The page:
Never stop learning! I reached 73 books for the year. I have read autobiographies, #leadership books and half a dozen on creating & giving a GRT #TED talk. I have recently recommended several books to people struggling with issues and wanted to share some favorites by specific targeted area.
1. Leadership: Triggers by Dr. Marshall Goldsmith, this will help you with improving your most important leadership tool, yourself.
2. Leadership: Crucial Conversations by Patterson, Grenny, McMillan, Switzler, this will help with becoming a more effective communicator by staying in dialogue rather than going to silence or violence.
3. Leadership: The Leadership Gap by Lolly Daskal, Lolly made an impact on my life personally and I know her book will do the same for you by identifying your leadership strengths & weaknesses (gaps).
4. Autobiography of Importance of Practice: Strings Attached by Joanne Lipman, Mr. K will help you learn how practice and being exposed to greatness can release your own greatness.
5. Autobiography of Overcoming your Fears: Fearless by Eric Blehm, Adam Brown hit rock bottom repeatedly and finally bounced all the way to becoming a Navy Seal. You will laugh and cry but you will be changed for the better after reading this.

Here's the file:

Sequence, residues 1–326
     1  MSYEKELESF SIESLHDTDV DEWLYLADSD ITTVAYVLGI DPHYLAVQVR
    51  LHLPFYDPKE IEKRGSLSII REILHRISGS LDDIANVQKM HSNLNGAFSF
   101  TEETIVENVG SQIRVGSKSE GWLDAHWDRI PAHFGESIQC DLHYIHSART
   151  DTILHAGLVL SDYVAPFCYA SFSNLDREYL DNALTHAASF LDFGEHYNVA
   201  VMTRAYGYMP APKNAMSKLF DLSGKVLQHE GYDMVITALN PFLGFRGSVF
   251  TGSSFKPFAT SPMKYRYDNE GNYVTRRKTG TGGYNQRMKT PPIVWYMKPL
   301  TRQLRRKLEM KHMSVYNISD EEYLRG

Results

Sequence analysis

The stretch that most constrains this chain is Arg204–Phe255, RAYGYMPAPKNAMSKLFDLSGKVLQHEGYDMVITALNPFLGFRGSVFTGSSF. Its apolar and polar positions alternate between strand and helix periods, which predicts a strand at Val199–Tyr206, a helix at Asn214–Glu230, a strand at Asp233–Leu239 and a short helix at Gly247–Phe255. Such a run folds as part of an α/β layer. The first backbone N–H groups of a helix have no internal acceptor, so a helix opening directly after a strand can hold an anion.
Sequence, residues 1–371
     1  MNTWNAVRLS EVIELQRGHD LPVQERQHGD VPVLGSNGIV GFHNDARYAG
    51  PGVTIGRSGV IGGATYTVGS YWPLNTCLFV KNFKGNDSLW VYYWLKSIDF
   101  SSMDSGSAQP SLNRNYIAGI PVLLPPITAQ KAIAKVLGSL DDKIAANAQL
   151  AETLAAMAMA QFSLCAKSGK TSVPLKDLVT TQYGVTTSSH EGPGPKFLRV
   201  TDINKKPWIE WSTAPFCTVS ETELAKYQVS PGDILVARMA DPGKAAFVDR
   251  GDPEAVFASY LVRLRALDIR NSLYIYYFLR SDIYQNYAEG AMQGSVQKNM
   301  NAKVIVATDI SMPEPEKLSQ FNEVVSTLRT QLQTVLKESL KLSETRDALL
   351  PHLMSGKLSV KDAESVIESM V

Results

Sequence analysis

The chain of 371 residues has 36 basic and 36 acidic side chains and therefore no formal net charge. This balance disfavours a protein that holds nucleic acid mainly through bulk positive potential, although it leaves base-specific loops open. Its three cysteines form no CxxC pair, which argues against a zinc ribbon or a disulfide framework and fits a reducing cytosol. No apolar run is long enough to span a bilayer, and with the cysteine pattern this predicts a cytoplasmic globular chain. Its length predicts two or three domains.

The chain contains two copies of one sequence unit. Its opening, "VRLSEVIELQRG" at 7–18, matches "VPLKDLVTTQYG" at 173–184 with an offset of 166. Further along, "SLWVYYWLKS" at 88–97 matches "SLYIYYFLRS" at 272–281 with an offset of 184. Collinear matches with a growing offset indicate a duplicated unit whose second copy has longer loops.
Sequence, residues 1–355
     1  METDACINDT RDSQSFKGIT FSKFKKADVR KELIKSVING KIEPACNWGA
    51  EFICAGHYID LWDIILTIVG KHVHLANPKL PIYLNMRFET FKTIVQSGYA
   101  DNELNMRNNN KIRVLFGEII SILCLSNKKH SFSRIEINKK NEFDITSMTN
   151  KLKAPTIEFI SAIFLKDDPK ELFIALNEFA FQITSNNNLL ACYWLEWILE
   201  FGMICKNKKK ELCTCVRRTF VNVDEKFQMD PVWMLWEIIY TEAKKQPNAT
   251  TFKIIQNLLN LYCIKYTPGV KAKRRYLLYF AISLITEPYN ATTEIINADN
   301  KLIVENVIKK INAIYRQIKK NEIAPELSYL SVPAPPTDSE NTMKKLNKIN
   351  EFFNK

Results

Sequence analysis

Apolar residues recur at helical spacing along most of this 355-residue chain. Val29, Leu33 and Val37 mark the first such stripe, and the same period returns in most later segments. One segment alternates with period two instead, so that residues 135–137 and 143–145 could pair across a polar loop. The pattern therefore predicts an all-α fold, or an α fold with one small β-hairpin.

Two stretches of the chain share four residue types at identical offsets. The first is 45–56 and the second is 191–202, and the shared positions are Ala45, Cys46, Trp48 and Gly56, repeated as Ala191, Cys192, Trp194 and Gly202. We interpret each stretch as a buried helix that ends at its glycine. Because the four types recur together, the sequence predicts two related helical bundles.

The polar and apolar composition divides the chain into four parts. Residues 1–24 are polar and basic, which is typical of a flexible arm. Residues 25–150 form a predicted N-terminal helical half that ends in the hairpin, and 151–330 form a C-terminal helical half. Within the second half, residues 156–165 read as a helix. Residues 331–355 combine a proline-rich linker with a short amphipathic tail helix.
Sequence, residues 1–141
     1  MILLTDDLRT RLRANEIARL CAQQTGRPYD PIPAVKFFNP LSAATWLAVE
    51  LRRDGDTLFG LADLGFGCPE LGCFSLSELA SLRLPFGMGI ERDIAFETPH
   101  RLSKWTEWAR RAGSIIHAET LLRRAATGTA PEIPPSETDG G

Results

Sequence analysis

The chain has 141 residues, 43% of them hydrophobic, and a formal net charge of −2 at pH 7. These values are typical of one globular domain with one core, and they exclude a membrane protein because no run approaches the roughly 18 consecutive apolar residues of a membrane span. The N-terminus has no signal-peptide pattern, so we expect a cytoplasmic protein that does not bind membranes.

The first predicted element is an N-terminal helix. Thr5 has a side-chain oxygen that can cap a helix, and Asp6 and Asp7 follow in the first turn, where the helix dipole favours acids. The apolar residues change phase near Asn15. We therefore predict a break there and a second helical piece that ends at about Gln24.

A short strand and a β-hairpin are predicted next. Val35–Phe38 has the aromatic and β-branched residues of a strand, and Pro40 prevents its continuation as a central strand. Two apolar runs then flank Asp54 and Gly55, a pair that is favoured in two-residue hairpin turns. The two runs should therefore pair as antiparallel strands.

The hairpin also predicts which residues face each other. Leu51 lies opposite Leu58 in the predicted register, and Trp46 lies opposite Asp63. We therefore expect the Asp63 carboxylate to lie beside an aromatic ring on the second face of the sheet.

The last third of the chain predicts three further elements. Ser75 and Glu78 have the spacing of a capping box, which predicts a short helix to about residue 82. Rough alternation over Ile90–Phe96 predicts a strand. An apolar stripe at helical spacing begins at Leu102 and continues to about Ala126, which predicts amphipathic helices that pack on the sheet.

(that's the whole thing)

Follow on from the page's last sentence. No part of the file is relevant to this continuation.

Many companies still operate under the Industrial Revolution model of a hierarchal management structure. The military has done the same but times are a changing even in the US Army. The US Army has realized that insurgents don’t follow a battle plan and that a plan doesn’t survive the enemy of today. The solution they now follow is Commander’s Intent. A plan is still developed and resources assigned to implement it, but the leaders in the field can modify the plans based on the enemy’s activities. As long as the Commander’s Intent is still followed, such as take that area and defend it until additional resources arrive to control the entire area. Companies need to develop a similar strategy. Provide a plan and a goal but allow the people they have hired the freedom to improvise based on the problems that occur. Often disengagement comes from employees waiting for the next instructions because a problem occurs and the plan won’t work and it is no longer their job to complete the task. Commander’s Intent provides the Do Whatever It Takes attitude to continue and reach the goal. The successful companies of today will provide their employees the freedom to modify the plan if the goal is still reached. Unleash the Rebels!